January 6, 1900, Jonathan Postle, miner, aged 62 years, was fatally injured by a fall of coal in the Braceville Coal Co.’s No. 4 mine, at Braceville, Grundy county. Deceased was at work in his room, and was taking down loose coal, when it came away suddenly, and caught him between a prop and the coal, breaking three of his ribs and injuring him internally, from which he died February 1st, twenty-five days after the accident occurred. Deceased leaves a widow and one child. ((Nineteenth Annual Report of the Illinois Bureau of Labor Statistics, 1900, Also the Second Annual Report of the Illinois Free Employment Offices; David Ross, Secretary. Springfield, ILL: Phillips Bros, State Printers; 1901))

Joseph Prazek

September 17, 1906, Joseph Prazek, miner, aged 34 years, married, was instantly killed by falling rock at the face of his working room in the Big Four-Wilmington Coal Company’s No. 6 mine, Carbon Hill, Grundy county. He leaves a widow and four children. ((Twenty-Sixth Annual Coal Report of the Illinois Bureau of Labor Statistics, 1907, Also the Ninth Annual Report of the Illinois Free Employment Offices; David Ross, Secretary. Springfield, ILL: Phillips Bros., State Printers; 1908))

John Prouchio

February 12, 1906, John Prouchio, miner, aged 43 years, married, was instantly killed by falling rock on his road head in the No. 5 mine of the Big Four Wilmington Coal Company, Carbon Hill, Grundy county. Deceased was loading a car, when the rock fell without warning, with the result as stated. He leaves a widow and four children. ((Twenty-Fifth Annual Coal Report of the Illinois Bureau of Labor Statistics, 1906, Also the Eighth Annual Report of the Illinois Free Employment Offices; David Ross, Secretary. Springfield, ILL: Phillips Bros., State Printers; 1907))

Oscar Queker

On Sunday evening, September 30, 1894, at the Big Four Company’s No. 2 mine, Coal City, Oscar Queker, a lad of sixteen years, was instantly killed by a fall of rock. He and his step-father, Ernest Klein, were working together making a mule stable near the bottom of the shaft. This was being done by taking a skip off the pillar alongside of a cross entry where the slate had been brushed four feet high above the coal. The coal had been taken out and the slate had been supported by props in order to make it safe; they had just commenced to take down the stone, and instead of doing this work in a safe manner they removed the props supporting the stone alongside of the entry, and then proceeded to cut the stone on the rib. The boy was inside cutting to meet his step-father, who was cutting from the outside. The fire-boss, James McCullough, saw the boy at work under the stone and warned them of the danger, telling them to set props to secure themselves, and they laughed at him and said it was all right, but shortly afterward a block of stone weighing about four tons fell on the boy, causing instant death. This accident may be attributed to gross carelessness or incompetency on the part of the boy’s step-father. Residence: Coal City. ((Fourteenth Annual Report of the State Bureau of Labor Statistics, Coal in Illinois, 1895, Containing the Twelfth Annual Reports of the State Inspectors of Mines; George A. Schilling, Secretary. Springfield, ILL: Ed. F. Hartman, State Printer; 1896))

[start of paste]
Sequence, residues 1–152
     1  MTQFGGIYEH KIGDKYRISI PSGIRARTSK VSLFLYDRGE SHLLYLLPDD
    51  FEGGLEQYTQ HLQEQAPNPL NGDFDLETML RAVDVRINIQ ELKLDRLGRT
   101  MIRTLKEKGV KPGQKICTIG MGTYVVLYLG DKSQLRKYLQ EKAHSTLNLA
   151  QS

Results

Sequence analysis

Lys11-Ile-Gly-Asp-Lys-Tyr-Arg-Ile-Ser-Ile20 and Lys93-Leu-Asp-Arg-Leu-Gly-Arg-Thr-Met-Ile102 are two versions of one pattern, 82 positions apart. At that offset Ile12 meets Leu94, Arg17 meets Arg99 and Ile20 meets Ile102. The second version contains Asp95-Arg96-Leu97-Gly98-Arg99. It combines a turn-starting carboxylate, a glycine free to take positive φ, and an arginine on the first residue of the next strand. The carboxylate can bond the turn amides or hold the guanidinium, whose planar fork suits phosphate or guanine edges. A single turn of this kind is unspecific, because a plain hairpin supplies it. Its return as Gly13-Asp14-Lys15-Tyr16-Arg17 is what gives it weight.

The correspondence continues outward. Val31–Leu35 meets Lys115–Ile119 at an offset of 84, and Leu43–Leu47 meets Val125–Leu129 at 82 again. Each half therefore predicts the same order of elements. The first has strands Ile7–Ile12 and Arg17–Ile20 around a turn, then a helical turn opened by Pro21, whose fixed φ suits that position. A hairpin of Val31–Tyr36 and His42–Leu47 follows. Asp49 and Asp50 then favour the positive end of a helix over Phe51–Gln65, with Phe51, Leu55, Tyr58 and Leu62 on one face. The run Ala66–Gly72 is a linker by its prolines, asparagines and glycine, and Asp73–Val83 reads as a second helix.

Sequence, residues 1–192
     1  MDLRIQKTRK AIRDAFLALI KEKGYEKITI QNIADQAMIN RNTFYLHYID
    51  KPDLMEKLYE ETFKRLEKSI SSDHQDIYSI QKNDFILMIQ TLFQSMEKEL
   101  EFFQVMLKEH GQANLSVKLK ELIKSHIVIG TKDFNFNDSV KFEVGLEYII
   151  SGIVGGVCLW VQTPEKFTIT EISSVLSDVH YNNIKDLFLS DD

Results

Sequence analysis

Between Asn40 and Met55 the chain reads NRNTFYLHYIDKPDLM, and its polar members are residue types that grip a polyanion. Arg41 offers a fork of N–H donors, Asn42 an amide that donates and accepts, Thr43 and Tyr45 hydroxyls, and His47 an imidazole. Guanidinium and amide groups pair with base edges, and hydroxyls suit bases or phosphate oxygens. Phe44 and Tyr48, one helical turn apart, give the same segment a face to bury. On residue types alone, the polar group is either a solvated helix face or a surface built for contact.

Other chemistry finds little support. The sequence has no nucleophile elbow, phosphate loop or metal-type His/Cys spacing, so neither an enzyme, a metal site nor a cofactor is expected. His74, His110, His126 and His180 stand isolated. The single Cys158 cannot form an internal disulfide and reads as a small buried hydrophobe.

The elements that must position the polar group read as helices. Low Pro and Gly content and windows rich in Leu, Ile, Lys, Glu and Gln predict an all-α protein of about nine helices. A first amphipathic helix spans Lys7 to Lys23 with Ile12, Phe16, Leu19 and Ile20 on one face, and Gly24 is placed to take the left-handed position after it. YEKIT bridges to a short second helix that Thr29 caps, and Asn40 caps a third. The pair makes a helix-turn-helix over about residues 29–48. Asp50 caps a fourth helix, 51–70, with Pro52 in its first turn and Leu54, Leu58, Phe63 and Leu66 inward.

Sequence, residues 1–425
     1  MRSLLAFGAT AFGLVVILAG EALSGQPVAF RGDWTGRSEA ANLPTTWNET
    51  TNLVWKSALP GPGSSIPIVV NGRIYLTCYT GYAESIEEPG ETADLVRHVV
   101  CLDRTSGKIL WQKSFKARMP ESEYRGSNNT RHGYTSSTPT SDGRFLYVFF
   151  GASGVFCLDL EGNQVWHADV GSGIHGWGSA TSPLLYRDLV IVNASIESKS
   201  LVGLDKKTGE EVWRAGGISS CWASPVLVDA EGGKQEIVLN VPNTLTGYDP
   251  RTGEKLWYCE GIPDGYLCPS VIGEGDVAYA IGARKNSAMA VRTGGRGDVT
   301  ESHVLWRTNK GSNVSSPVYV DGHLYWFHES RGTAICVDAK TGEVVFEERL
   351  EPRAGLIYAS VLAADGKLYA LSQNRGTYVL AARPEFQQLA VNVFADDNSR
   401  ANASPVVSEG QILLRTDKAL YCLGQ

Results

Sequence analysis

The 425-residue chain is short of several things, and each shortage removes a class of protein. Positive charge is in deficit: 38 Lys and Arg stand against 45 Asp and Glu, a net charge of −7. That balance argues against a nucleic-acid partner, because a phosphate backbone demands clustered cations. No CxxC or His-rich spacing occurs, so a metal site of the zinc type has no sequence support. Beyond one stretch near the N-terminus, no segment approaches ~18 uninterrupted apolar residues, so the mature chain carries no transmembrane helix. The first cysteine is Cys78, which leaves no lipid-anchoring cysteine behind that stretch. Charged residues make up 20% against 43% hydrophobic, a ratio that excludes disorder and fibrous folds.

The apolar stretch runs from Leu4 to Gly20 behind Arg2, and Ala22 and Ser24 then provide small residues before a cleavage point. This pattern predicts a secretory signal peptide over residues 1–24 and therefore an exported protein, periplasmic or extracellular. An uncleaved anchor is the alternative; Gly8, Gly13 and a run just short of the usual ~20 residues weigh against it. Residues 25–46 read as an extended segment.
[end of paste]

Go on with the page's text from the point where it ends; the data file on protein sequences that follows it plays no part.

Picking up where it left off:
John Rifflern

May 31, 1900, John Rifflern, aged 21 years, single, employed as a miner in the Wilmington Star Coal Co.’s No. 5 mine, at Coal City, Grundy county, was instantly killed by a fall of rock at the face of his room. Deceased was cutting the left side of the brushing, where a cutter or slip was running parallel with the road, and one on the right side of the roadway, sloping upwards to the left side. As soon as he cut through to the break, he thus relieved the stone, which fell on him, causing his death. ((Nineteenth Annual Report of the Illinois Bureau of Labor Statistics, 1900, Also the Second Annual Report of the Illinois Free Employment Offices; David Ross, Secretary. Springfield, ILL: Phillips Bros, State Printers; 1901))

John Roberts

January 8, 1901, John Roberts, timberman, married, aged 40 years, was instantly killed by a fall of rock in No. 5 mine of the Wilmington Coal Mining and Manufacturing Company, Grundy county. This is a new mine; the men were employed taking up bottom and timbering the byways around the bottom of the shaft; they had drilled a bottom whole which was collecting a considerable quantity of water. Deceased went to where they were constructing the mule stable to get a blasting barrel; just as he entered a great mass of rock fell, crushing him under it. This was his first day working in this mine. He leaves a widow and two children. ((Twentieth Annual Coal Report of the Illinois Bureau of Labor Statistics, 1901, Also the Third Annual Report of the Illinois Free Employment Offices; David Ross, Secretary. Springfield, ILL: Phillips Bros, State Printers; 1902))

John Robinson

September 16, 1898 – John Robinson, a miner, aged 49 years, married, was fatally injured by a fall of rock at the face of his room in the Star Coal Company’s mine No. 3, Carbon Hill, Grundy county. Deceased had cut up one side of the brushing and entered a wedge over the top, intending to take it down, but, it being quitting time, he went home, intending to take it down in the morning. However, he neglected to do so, and commenced to load coal without examining the rock. About 10 a.m. the rock fell on him, crushing him so that he died about 3 p.m. He leaves a widow and six children, of whom two are dependent. This accident was due to his own negligence. With proper care in taking the rock down, or putting a prop under it, the accident would have been avoided. ((Prepared by the Illinois Bureau of Labor Statistics, 1899, Also Containing the First Annual Report of the Illinois Free Employment Offices; David Ross, Secretary. Springfield, ILL: Phillips Bros, State Printers; 1899))